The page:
Sunday, March 25, 2012

A TWO-point night -- Game 76: Capitals 3 - Wild 0

Practice makes perfect.

If the Washington Capitals get enough 3-0 leads, maybe winning those games will come more frequently. The Caps got goals from Jason Chimera, Mathieu Perreault, and Alex Ovechkin at one end of the ice, and they got 28 saves from Braden Holtby at the other end to defeat the Minnesota Wild, 3-0, at Verizon Center this evening.

It was not looking very good for the Caps early, perhaps a hangover from the disappointing 4-3 overtime loss to Winnipeg on Friday. They managed only seven shots on number three goaltender Matt Hackett, pressed into service with number one goalie Niklas Backstrom injured and backup Josh Harding having played on Saturday night in a 3-1 loss to Buffalo.

The Caps broke through in the second period in another one of those occasional trips down memory lane from games that might have been played two or three years ago. Stephen Kampfer collected a loose puck as he was gliding down the right wing in the Caps’ end and tried to center the puck. The puck went all the way through and out the other side, where only Alexander Semin was skating. Semin curled, picked up the puck as it bounced off the boards, and headed the other way. With four Wild skaters pinned in the offensive zone, including defenseman Kampfer, it was Semin and Jason Chimera on a two-on-one with only Clayton Stoner back. Semin froze Stoner with a curl and drag move, then slid the puck under Stoner's stick to Chimera on his left. Chimera buried it before Hackett could get across the crease.

Going hard to the net paid benefits on the second goal five minutes later when Troy Brouwer took advantage of some dicey defensive positioning and a bad attempt at a line change by the Wild. Alex Ovechkin curled through the neutral zone with the puck and sent a pass to Brouwer on the right side at the Minnesota line as one Wild skater was going off for another. It left Minnesota with no one on the right side of the ice and thin numbers in the middle as Brouwer skated in. It eventually became a two-on-one down low as Mathieu Perreault skated to the net. Brouwer sent a centering pass that hit Perreault in stride, and Perreault had only to redirect it past Hackett for his 14th goal of the season.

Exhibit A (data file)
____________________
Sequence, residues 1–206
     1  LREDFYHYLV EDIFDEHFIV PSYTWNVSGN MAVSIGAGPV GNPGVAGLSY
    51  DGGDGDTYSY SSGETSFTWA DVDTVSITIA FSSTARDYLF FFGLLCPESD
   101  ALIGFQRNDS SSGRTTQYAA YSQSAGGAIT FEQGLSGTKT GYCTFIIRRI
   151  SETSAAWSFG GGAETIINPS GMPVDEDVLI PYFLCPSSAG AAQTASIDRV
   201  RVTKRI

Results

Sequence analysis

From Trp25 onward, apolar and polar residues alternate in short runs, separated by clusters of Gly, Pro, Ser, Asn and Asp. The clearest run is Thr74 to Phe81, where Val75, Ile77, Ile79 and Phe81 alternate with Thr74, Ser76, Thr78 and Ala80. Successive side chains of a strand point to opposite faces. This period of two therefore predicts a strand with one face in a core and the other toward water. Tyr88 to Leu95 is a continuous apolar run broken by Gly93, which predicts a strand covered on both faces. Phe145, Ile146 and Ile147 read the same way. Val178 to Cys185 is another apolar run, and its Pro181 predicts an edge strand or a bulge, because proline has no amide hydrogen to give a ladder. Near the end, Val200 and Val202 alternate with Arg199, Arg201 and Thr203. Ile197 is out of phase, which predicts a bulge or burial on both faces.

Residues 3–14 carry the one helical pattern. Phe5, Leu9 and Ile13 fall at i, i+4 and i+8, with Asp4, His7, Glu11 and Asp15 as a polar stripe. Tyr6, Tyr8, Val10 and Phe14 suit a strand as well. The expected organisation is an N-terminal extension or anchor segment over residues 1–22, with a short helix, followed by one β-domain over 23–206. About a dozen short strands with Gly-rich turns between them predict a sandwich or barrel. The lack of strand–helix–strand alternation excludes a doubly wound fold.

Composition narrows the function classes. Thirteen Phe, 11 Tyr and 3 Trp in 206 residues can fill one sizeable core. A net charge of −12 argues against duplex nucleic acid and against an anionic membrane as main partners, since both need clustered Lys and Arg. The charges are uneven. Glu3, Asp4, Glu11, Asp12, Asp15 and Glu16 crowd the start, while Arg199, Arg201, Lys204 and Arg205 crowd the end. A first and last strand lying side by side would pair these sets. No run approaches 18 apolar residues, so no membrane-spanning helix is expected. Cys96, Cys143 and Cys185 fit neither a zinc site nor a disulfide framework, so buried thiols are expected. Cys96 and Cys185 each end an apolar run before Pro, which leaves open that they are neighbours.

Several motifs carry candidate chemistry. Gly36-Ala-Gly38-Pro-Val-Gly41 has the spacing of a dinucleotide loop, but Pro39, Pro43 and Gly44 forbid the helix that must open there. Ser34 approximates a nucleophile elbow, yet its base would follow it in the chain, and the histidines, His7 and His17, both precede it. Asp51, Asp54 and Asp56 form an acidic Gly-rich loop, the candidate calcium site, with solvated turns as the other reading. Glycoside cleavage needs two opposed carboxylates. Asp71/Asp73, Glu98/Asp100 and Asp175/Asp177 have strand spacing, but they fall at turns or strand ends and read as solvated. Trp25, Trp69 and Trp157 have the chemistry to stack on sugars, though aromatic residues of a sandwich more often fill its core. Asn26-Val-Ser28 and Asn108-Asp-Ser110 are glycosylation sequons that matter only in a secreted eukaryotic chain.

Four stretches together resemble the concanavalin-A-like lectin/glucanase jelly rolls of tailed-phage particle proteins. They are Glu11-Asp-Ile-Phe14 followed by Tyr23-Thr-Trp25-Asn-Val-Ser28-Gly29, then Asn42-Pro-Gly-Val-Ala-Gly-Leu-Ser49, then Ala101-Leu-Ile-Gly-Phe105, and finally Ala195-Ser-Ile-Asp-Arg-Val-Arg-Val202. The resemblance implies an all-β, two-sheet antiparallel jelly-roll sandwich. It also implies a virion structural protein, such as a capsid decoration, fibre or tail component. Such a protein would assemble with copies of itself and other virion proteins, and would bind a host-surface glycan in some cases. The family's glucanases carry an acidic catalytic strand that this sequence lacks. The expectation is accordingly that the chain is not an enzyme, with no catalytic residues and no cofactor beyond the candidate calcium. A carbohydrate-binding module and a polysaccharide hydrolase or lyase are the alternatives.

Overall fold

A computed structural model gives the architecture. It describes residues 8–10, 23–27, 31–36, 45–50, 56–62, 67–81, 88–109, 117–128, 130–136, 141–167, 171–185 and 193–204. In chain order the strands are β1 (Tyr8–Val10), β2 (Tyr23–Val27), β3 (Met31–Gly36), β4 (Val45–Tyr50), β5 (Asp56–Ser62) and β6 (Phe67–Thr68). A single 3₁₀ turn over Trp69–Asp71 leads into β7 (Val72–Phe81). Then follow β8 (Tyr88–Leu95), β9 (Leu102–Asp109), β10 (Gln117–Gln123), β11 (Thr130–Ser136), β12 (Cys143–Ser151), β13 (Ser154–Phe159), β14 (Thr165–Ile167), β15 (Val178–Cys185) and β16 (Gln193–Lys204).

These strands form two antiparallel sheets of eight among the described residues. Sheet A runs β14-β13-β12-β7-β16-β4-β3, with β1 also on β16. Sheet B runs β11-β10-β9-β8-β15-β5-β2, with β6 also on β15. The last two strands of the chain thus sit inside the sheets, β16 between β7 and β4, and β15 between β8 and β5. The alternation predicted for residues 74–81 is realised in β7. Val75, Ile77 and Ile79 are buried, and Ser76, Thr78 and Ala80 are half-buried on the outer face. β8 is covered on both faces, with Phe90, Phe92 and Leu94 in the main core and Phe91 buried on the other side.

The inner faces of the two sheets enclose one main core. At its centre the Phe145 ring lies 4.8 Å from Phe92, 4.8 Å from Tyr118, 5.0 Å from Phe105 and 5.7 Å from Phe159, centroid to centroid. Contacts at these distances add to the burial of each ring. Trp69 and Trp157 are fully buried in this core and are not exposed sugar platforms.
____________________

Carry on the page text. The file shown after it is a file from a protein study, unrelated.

Ovechkin closed things out in the third period by ripping a page out of the Ovechkin songbook. It started with John Carlson sending a long cross-ice pass to Marcus Johansson at the Minnesota line. Johansson edged the puck into the zone before being stopped by defenseman Nate Prosser. It was enough for Ovechkin to come in behind the play and pick up the puck in stride. He skated into the left wing faceoff circle and using defenseman Tom Gilbert as a screen ripped a wrist shot through Hackett to close out the scoring.

Other stuff…

-- Unlike the game Friday night, the Caps did not go into a shell after getting the third goal. After Ovechkin scored at the 8:31 mark, the Caps did register seven more shot attempts (four on goal) and maintained possession for longer periods than they had Friday against Winnipeg when posting their 3-0 lead.

-- Doing simple things right pays dividends, and in this case it was going to the net. Chimera filling a lane with his stick on the ice; Perreault doing the same. They teach these things early in a hockey player’s life for a reason. They work.

-- Give Marcus Johansson some credit for taking a hit to make a play, or at least to allow one to unfold. He managed to get John Carlson’s pass into the offensive zone before taking a hit from Nate Prosser. It took Prosser out of the play and left the other defenseman – Tom Gilbert – in no-man’s land with no backside support when Ovechkin came charging through.